ball, of Salem, Mass; Mr. and Mrs. G.
C. Naphey, of Philadelphia; (Mrs.
Nnphcy finds the baths greatly beneficial
for her rheumatism ) Mr. and Mrs. George
H. Wolf nnd Mrs. Bufoid, Minneapolis,
Minn; Mr. Schmidt and Mrs. Schmitt, of
Chicago ; Mr. and Mrs. J. H. Cantwell,
St. Louis; Mr. and Mrs. Norman S.
Walker, Mr. Henry Lord, Mr. and Mrs
Lccgnr, Mr. and Mrs. Sigmuud L. Weish
and daughter, of New York; Mr. and
Mrs. A. . Akin, and tbe Misses Tuvlor,
of Cjuaker Hill, N. Y.; Mr. A. Duff, "who
is largely interested with other English
capitalists in Mexican properties; Mrs.
C. W. Pickering, of I'orthsmoiith, N. II ;
Mrs. S. A. Gordon, Newark, N. J; Mr.
A. Wilson, jr., manager Bell telephone
The engagements for tbe coming week
are numerous: E. Craven, l:. S. N. and
family, S. G. Whetland ami fainilv, Mr.
and .Mrs. A. Birch, Dr. John A. Wyth's
family, of New York, and others.
The season is beginning very good
this year and they promise a large sea
son. Santa Claus Shopping;.
Old Santa Claus came to Asheville yes
terday to see what he could do for his
children. He wanted to get an idea of
the place, sec what the stores had in
stock for his little ones, and then try to
supply their deficiencies. But, alas! for
poor Santa, the first one he struck was
Jones' Racket Store. One glance at the
window, and the wizard of the north
lost his keen elated air. Those reindeers
of his would have to travel far and fast
before he could be back by Christmas
with a supply of the things that were
not in, stock there. But nevertheless he
went in strictly incog, to be sure, and
examined t'le articles which heaped up
the counters and whose overwhelming
profusion threatened to break theshclves
with their weight. All were passed in
review, and at each step Santa pulled out
his note book, and muttered in despair,
"I guess I'd better buy here for my chil
dren in the North, for it doesn't cost me
anything for freight. I wish I hadn't
bought my stock of shoes before I drop
ped in this Racket Store."
So he went the rounds until he reached
the hosiery counter, where his ruddy face
rcw pale, and he exclaimed, "Hello! Are
long stockings so cheap in Asheville? 1
pity the parents, but I can't afford to
fill those?" And off sailed Santa Claus,
grumbling in his white beard at the mer
chant who had put up such a job on him.
ODDS AND F:NDS.
On Sunday morning as Miss Mary
Pcnland was coming down stairs at her
residence, on Penland street, she made
a misstep, causing a severe sprain of the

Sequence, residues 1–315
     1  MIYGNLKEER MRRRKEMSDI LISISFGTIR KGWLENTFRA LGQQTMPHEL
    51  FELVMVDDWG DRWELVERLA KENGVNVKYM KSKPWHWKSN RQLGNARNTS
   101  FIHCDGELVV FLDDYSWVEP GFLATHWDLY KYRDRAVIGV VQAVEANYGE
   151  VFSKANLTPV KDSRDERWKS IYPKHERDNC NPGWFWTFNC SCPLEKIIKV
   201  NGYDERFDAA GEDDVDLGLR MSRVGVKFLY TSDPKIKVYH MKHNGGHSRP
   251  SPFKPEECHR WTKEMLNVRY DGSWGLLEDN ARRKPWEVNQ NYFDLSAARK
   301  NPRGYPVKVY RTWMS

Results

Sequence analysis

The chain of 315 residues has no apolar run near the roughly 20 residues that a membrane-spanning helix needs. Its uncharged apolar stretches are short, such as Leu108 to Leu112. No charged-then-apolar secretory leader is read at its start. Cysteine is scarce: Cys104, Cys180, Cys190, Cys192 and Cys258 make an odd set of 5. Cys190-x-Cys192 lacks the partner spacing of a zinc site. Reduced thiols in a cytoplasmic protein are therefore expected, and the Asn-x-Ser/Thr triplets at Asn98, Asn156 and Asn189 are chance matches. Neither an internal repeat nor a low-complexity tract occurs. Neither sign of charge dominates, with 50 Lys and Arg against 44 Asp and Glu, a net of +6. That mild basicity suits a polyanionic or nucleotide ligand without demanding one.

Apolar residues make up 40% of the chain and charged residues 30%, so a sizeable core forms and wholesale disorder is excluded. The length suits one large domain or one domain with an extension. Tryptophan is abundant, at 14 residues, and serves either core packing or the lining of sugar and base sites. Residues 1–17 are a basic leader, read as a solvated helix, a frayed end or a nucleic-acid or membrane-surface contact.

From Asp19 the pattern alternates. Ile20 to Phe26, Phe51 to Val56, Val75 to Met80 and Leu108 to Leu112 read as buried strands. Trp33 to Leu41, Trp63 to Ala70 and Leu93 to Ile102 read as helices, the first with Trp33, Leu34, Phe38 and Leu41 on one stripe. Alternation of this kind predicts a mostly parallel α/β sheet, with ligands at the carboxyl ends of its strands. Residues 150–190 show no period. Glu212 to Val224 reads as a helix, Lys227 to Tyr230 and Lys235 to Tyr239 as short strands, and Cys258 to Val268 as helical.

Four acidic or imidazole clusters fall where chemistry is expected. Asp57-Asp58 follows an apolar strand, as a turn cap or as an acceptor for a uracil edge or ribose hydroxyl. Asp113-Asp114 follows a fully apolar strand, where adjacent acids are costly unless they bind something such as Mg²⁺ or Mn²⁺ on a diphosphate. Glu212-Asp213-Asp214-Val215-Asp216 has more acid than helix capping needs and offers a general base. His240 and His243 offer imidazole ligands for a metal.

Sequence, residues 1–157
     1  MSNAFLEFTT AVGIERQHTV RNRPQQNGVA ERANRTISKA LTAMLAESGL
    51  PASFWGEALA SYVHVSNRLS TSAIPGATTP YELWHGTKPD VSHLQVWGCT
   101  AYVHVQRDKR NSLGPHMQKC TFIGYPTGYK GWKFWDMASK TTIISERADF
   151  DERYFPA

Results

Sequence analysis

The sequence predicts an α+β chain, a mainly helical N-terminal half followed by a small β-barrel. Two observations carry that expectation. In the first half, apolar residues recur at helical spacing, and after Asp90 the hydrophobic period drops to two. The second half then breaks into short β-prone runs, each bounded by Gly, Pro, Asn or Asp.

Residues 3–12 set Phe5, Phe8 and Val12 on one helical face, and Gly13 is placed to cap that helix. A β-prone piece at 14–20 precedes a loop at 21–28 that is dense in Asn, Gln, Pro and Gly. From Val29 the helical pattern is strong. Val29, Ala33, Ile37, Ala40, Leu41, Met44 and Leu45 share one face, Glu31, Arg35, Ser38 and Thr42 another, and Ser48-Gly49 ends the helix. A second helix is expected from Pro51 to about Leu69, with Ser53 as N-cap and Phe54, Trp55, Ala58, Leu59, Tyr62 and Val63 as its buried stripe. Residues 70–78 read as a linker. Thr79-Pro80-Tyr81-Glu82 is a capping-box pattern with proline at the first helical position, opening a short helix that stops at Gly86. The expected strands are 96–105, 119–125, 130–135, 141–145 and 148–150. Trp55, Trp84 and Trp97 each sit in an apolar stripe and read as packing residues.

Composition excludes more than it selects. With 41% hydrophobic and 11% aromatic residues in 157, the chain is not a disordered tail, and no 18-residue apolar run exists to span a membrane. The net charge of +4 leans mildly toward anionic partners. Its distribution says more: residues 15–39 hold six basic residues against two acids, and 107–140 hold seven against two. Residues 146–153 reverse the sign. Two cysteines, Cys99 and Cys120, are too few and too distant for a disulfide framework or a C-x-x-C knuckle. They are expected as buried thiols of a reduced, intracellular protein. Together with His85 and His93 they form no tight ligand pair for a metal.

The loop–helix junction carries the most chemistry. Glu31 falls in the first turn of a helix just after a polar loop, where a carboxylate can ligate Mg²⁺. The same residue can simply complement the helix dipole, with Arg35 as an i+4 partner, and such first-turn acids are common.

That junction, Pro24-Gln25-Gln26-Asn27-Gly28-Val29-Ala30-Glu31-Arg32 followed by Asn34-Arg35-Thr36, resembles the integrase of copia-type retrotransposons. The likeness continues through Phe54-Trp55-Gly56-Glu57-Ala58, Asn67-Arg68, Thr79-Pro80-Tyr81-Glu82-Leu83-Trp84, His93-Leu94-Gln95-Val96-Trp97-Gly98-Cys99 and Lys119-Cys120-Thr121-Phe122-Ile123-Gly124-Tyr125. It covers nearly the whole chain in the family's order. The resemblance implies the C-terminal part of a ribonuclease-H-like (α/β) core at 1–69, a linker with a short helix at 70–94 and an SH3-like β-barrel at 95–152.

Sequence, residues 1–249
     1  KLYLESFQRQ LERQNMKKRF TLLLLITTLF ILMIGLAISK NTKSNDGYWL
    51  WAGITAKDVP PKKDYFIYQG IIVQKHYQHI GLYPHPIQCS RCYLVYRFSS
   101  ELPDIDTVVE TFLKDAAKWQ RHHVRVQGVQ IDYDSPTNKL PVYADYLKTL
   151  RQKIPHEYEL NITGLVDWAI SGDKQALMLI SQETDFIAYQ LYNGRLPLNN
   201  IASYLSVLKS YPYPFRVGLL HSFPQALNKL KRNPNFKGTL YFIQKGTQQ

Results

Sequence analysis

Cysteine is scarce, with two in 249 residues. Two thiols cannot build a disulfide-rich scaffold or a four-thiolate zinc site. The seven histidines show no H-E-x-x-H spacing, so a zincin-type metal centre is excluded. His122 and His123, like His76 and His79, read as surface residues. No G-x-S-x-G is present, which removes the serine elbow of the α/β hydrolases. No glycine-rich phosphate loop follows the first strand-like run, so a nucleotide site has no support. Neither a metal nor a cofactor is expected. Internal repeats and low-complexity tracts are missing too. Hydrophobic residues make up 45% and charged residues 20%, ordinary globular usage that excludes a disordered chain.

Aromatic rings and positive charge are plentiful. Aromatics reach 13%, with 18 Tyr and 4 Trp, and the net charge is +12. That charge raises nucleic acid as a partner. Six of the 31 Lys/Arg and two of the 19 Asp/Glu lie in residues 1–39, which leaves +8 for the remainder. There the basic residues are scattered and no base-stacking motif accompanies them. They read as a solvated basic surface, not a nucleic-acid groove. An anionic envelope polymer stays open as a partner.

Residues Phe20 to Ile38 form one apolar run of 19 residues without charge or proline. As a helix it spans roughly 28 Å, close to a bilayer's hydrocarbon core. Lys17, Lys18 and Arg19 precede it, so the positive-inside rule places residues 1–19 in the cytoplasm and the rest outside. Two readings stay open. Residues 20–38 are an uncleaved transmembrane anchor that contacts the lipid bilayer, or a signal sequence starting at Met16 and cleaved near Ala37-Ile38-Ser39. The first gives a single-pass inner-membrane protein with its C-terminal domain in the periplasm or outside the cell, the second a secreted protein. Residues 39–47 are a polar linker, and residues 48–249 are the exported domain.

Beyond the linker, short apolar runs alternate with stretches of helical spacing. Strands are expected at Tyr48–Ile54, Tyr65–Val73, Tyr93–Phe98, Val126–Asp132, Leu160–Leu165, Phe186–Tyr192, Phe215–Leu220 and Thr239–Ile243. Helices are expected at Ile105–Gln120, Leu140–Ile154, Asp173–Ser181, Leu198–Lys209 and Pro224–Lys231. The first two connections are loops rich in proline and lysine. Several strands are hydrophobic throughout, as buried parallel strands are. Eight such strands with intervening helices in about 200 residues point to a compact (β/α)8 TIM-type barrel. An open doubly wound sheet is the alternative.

foot, which will probably confine her to
the house for several weeks.
In our column of personals in Sunday's
issue it was incorrectly stated that "Mr.
E. R. Betts, agent of a large tobacco firm,
was in Asheville, where he would make
his headquarters for the winter." This
was inadvertently doing an injustice to
Mr. Belts, who is so active a man in the
interests of his business that he makes
no long tarry at any particular point,
visiting all the markets, and remaining
it each one only so long a time as judi
ciously engages his time, repeating his
visits if necessary.
AN OLD SLAVIC OF MR. DAVIS,
He was Present at His old Mas
From the New Orleans Picayune of the
15th we take the following, told in con
miction with the departure of Mr. Davis
and party for Beauvoir:
Robert Brown, the old slave of Mr.
Davis, went to Beauvoir with Mrs.
Davis, where, he told a reporter, he
would stay several days and then go
back home. His home is in St. Elmo,
near Mobile, Ala., and he lives with Mr.
Thomas Templeton, a Scotchman.
Brown said he had lieen with Mr. Davis
until lately since 1861 and staved with
him all through the war.
"Mr. Davis was a good master to me,
sir, and I loved him very much. 1 came
to his funeral to sec the Inst of him, as I
thought it my duty. I don't like to say,"
he continued, "how old I am, but 1 will
tell you. I was born in 1811, just three
years later than Mr. Davis. All my
years have been pure, and I have nothing
to lie ashamed of. Mr. Templeton takes
care of me, nnd he is a good man, too.
My rheumatism troubles me a great
deal and I can hardly stand now."
The old man went away, still talking
about his beloved master, "Mr. Jeff."
The party was a sad one and very quiet
All passengers on the cars felt tor them
Death of MaJ. L. W. Peck.
We regret to nnnounce'the death of this
well known nnd aged citizen, which oe
currcd nt the boarding house of Mrs. Ida
Morris, on Hahlax street, yesterday
morning nt 1 1 o'clock. Maj. Peck was
for a long series of years a merchant in
this eitv. nnd enioved the hmhest conn
dence for integrity and strict honesty.
For some years past he has led a private
life. His wile preceded him to the irravc
having died some years since. He leaves
no children, his little girl dying when
quite young, about 1859. At the time
of his "death, Maj. Peck was 79 years old.
and he had been a member ot the bden
ton street Methodist church since early
manhood. The funeral will tnke place at
Edenton street Methodist church this
morning at 11 o'clock.
What His Old Home Thinks of
Our Col. J. B. Steele.
Charleston News and Courier.
Mr. John B. Steele, the manager of the
Battery Park hotel, at Asheville. N. C,
has been in the city since Wednesday
last. In Mr. Steele every one recognizes
the old Charlestoninn who was formerly